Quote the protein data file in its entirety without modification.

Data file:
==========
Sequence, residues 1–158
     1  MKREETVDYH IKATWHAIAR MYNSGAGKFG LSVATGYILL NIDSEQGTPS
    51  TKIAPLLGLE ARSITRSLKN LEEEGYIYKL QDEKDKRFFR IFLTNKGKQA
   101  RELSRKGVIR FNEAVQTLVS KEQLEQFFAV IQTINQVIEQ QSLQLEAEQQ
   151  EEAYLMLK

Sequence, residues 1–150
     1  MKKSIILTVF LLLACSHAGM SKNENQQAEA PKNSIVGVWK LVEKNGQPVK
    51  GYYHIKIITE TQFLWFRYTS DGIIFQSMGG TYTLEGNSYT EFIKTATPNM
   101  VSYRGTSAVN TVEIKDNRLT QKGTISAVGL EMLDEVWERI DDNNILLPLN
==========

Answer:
Sequence, residues 1–158
     1  MKREETVDYH IKATWHAIAR MYNSGAGKFG LSVATGYILL NIDSEQGTPS
    51  TKIAPLLGLE ARSITRSLKN LEEEGYIYKL QDEKDKRFFR IFLTNKGKQA
   101  RELSRKGVIR FNEAVQTLVS KEQLEQFFAV IQTINQVIEQ QSLQLEAEQQ
   151  EEAYLMLK

Sequence, residues 1–150
     1  MKKSIILTVF LLLACSHAGM SKNENQQAEA PKNSIVGVWK LVEKNGQPVK
    51  GYYHIKIITE TQFLWFRYTS DGIIFQSMGG TYTLEGNSYT EFIKTATPNM
   101  VSYRGTSAVN TVEIKDNRLT QKGTISAVGL EMLDEVWERI DDNNILLPLN